Robert Boyd: Third Post

It took and extra week for me to create this film. While I was able to capture the footage of the red tailed hawk in one morning. I had to learn how to attract the aquatic animals of the crim dell to my camera. Using a combination of dead fish, and raw chicken feet, I was eventually able to lure several turtles and types of fish in front of my camera. On the downside, it turns out the Crim Dell is full of poison ivy, so I currently very itchy and unsightly rashes behind each of my knees.

I have been getting much better footage of people using parks around campus. Since the parks research lab is ultimately about the benefit of parks to people, it is important that I actually get footage of people, not just animals (even though animals are much more fun and more relaxing to film). Aside from this, I have spent much of my time editing a short film for my parks lab. This film is a short skit showing the process by which a park space can be prescribed to an individual. The film is too large to upload to this post. Luckily I was also able to create a youtube channel for the parks research lab this past week, where I have put most of the videos I have created so far. Once I upload the video of the skit to the youtube channel, I will be able to link to it in my next post.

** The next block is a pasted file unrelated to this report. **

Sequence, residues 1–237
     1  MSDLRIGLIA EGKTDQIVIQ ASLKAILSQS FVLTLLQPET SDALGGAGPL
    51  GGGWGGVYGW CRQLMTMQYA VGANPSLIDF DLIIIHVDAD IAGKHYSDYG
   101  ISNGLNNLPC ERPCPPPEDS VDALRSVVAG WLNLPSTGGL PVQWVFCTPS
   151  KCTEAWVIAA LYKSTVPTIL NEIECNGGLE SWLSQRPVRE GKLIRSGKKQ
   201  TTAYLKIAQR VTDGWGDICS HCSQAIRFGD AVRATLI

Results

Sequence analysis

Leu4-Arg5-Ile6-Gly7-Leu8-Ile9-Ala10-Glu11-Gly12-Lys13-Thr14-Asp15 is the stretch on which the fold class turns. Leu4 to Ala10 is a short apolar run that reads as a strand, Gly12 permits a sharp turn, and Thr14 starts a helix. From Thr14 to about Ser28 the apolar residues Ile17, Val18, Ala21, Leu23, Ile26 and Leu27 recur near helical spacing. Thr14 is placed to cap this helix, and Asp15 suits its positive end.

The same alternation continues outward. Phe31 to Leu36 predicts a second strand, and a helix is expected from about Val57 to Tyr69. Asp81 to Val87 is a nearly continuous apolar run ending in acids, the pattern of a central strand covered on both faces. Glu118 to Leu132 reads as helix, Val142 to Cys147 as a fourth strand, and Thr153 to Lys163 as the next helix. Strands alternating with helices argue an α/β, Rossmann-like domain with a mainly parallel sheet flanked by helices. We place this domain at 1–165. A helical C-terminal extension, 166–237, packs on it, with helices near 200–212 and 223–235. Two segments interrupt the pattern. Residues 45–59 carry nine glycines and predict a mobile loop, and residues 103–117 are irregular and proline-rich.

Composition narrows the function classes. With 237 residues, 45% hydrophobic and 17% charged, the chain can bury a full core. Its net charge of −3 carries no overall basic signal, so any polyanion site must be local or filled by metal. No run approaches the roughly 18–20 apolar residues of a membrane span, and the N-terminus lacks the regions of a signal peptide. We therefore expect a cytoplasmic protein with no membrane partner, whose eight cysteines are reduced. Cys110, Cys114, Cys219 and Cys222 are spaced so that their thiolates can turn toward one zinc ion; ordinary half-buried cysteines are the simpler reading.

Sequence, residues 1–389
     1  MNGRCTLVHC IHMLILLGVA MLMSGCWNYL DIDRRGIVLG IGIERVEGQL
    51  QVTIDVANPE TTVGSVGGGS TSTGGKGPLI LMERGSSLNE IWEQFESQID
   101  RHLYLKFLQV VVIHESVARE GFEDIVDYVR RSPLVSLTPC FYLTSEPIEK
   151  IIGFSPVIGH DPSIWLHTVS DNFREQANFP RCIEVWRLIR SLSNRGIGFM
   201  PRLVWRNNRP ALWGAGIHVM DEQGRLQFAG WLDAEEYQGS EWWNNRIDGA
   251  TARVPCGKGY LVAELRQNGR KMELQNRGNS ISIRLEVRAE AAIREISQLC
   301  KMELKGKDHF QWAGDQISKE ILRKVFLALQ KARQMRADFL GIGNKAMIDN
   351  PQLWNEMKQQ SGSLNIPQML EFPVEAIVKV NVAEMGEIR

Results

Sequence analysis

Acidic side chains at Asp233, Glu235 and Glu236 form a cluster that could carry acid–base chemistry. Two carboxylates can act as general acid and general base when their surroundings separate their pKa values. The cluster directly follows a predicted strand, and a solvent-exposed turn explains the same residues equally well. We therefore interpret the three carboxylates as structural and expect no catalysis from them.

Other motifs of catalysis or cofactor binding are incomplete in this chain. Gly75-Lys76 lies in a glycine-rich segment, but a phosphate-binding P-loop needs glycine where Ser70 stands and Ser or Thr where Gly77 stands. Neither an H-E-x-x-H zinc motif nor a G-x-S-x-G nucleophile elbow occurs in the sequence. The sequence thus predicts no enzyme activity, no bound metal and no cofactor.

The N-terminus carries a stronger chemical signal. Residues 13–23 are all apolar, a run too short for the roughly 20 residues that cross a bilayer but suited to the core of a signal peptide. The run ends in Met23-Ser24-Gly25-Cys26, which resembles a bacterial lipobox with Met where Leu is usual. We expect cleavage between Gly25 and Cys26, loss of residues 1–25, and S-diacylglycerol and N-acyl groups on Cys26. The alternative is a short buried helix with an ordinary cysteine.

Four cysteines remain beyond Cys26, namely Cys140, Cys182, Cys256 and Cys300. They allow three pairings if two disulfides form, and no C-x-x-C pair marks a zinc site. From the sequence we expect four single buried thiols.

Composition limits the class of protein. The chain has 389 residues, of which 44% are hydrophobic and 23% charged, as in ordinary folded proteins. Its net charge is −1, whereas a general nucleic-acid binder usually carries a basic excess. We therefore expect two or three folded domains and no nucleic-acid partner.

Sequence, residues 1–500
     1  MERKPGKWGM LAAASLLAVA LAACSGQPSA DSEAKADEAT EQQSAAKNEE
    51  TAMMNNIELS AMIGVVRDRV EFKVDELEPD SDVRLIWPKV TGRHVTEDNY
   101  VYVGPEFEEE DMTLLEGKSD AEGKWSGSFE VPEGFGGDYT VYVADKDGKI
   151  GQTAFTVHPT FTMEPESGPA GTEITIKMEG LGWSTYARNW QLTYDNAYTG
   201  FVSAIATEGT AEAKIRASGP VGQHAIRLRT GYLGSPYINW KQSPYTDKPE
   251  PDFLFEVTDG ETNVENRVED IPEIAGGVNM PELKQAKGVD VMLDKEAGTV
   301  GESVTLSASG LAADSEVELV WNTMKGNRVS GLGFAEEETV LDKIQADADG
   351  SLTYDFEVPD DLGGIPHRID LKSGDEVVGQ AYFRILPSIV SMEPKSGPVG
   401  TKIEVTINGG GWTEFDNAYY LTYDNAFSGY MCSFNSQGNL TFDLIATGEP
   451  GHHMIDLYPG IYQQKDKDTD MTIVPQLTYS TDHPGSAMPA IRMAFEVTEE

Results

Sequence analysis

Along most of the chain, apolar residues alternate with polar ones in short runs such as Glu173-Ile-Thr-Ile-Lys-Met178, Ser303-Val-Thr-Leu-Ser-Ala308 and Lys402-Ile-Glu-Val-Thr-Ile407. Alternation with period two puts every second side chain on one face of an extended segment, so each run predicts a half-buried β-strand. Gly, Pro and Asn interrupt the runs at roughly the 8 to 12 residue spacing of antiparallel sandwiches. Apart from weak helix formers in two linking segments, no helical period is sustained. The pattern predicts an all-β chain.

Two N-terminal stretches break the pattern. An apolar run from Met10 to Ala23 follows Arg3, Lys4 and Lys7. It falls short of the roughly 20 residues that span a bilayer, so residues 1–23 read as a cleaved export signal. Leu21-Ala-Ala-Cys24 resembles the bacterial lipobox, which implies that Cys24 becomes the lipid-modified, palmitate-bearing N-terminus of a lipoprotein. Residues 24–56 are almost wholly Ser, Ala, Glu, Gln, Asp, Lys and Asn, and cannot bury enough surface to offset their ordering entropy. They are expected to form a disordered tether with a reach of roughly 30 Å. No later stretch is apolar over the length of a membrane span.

1. mephillips17 says:

    Hey Robert! Your filming is amazing. I am truly in awe of how you capture the behavior and personality of the wildlife we have around campus. In this video, I was wondering specifically how you were able to film the red tailed hawk from multiple vantage points. Catching the squirrel happened so quickly, and yet you didn’t miss a moment of it!